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Newly obtained image of Earthrise over the north pole of the Moon, taken by the Lunar Reconnaissance Orbiter spacecraft. (NASA/GSFC/Arizona State University)

Earth Rising

Earth as seen from the Moon is always in the same place – true or false? It depends.

The LRO Camera Team recently released a newly obtained, beautiful image of the Earth above the north pole of the Moon.  In the history of lunar exploration, Earthrise photos have always been widely displayed and admired.  Capturing the iconic image of a magnificent blue and white Earth hanging over the barren, gray surface of the Moon is one of the most memorable moments of man’s first flight to the Moon by Apollo 8 in December 1968.  This picture graced the covers of newspapers and magazines everywhere; it inspired a million words of prose and created the modern environmental movement as we know it.  Few single images have had such pervasive and lasting power.

The Apollo 11 crew landed on the lunar surface a few months after that Earthrise photo was circulated.  During this and subsequent missions (all on the central near side of the Moon), it was reported by the media that Earth always appears stationary in the same part of the sky as seen from the Moon’s surface.  In November 1969, the Apollo 12 crew put up a large inverted umbrella antenna to improve communication data rates from the lunar surface; it had to be set-up and aligned, but once pointed at Earth, it remained pointed at it forever.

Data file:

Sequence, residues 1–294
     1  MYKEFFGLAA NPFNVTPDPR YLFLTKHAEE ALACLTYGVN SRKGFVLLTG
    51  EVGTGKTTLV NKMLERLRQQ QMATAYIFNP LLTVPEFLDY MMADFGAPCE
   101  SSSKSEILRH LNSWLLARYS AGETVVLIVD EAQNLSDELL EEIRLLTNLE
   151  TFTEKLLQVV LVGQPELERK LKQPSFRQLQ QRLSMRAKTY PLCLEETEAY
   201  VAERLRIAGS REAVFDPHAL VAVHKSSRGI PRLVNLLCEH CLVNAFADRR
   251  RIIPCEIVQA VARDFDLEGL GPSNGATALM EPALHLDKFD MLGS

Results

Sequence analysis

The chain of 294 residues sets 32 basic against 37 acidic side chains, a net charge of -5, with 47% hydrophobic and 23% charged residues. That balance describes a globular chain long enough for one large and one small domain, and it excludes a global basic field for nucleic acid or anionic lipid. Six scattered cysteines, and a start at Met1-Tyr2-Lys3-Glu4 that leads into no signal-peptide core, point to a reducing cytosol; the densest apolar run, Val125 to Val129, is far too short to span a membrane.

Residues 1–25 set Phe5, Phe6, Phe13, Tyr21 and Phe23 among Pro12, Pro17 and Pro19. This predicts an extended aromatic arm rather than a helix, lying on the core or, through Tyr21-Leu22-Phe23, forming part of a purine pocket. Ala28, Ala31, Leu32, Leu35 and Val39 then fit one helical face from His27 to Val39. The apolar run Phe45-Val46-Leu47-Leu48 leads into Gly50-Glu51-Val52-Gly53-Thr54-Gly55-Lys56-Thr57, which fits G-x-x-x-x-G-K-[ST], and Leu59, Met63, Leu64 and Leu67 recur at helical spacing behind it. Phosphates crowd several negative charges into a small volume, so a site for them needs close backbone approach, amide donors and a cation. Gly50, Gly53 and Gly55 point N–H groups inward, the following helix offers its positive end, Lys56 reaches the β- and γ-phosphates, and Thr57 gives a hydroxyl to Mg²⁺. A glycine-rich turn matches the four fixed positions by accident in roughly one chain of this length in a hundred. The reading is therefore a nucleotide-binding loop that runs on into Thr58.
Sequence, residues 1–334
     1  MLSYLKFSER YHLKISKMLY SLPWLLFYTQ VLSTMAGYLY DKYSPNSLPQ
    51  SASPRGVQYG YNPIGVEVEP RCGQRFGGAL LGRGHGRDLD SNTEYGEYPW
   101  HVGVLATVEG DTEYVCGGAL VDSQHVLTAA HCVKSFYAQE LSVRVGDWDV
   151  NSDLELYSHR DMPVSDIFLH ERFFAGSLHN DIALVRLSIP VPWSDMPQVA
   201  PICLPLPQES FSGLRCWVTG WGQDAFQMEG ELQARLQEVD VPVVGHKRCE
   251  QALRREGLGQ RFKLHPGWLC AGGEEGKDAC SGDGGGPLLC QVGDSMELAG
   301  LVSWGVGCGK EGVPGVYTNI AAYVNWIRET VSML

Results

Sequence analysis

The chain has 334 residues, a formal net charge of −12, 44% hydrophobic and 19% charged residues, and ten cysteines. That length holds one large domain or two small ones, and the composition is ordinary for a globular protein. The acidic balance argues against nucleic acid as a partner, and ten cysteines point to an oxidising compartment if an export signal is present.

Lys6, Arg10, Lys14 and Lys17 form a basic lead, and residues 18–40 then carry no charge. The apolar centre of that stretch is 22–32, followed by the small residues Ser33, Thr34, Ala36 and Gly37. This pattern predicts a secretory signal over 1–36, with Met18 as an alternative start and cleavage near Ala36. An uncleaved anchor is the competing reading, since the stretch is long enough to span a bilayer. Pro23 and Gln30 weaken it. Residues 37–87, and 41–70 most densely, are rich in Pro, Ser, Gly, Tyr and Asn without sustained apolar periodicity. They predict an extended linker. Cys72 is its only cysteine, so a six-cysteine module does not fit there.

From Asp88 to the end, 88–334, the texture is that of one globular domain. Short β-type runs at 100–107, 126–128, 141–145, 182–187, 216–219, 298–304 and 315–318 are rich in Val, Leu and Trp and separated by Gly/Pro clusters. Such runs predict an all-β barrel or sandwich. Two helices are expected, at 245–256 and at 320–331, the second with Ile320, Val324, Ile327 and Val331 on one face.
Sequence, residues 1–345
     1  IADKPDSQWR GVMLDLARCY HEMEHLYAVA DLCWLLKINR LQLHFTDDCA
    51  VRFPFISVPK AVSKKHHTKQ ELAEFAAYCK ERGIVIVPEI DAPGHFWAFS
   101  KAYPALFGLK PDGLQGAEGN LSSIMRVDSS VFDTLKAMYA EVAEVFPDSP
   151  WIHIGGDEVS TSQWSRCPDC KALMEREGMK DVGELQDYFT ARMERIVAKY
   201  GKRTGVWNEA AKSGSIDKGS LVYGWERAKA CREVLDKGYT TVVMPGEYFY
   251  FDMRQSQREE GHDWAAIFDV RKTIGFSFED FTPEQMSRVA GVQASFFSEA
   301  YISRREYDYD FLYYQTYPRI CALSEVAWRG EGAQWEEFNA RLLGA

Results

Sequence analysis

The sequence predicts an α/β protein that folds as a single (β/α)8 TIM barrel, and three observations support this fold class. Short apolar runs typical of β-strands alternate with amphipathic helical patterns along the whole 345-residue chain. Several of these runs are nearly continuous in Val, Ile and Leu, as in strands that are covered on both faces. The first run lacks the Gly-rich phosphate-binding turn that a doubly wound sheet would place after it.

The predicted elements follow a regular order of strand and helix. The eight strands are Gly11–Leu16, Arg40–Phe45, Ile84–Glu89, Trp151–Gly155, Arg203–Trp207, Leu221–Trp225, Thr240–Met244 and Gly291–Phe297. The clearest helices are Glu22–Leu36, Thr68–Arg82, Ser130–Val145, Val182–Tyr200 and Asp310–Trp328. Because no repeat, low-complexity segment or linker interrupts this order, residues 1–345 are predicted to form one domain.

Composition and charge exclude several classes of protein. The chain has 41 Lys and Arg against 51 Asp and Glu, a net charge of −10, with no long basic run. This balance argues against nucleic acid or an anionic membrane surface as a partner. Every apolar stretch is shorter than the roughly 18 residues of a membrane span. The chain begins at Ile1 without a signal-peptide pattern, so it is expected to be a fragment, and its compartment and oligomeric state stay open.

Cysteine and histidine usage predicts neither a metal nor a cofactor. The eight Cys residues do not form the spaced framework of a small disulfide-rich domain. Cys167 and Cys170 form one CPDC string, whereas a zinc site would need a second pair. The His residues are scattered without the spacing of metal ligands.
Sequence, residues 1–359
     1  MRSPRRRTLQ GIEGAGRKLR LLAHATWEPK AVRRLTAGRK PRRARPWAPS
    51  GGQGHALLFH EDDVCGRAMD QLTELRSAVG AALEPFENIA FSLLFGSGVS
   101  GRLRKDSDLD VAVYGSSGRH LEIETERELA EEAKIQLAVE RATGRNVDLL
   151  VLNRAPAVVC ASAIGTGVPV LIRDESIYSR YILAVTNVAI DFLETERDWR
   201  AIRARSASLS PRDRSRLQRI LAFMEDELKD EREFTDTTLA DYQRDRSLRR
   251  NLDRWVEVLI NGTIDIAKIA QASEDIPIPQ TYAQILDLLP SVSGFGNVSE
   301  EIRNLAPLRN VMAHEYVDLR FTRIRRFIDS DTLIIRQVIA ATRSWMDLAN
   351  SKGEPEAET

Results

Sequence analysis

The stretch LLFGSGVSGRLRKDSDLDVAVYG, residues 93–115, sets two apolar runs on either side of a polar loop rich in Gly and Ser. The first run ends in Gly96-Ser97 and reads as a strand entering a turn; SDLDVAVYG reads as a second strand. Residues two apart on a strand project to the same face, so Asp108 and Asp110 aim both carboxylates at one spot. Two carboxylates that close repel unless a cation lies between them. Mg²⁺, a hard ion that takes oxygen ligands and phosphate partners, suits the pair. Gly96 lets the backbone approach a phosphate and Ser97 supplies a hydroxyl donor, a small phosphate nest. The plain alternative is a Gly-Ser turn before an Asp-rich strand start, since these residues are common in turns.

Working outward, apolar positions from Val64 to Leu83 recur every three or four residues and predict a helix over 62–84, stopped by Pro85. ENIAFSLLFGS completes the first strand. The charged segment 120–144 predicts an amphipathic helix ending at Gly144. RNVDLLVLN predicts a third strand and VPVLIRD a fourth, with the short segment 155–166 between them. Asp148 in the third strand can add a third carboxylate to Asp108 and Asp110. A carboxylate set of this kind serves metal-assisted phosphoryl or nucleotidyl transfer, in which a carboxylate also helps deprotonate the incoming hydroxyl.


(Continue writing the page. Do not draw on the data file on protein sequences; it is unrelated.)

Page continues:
Because the Moon orbits the Earth and is in synchronous rotation with its orbital period, we always see the same side.  Hence, there is a near side (the hemisphere we see from Earth) and a far side (the side we cannot see from Earth; it is often mistakenly called the “dark side”).  A consequence of this synchronous rotation is that from the Moon, the Earth appears stationary in the sky, just as the hub of a bicycle wheel remains stationary from the viewpoint of one of its spokes.  Thus, while the Sun rises and sets according to the slow rotation rate of the Moon (one complete rotation every 708 hours, half day and half night), the Earth is always in the same spot in the sky.  Of course, because it is illuminated by the Sun, it changes its phase on the same timescale as does the Moon as seen from Earth, although reversed (a full Moon on Earth is a new Earth from the Moon and vice versa.)  From the far side of the Moon, one does not see the Earth at all.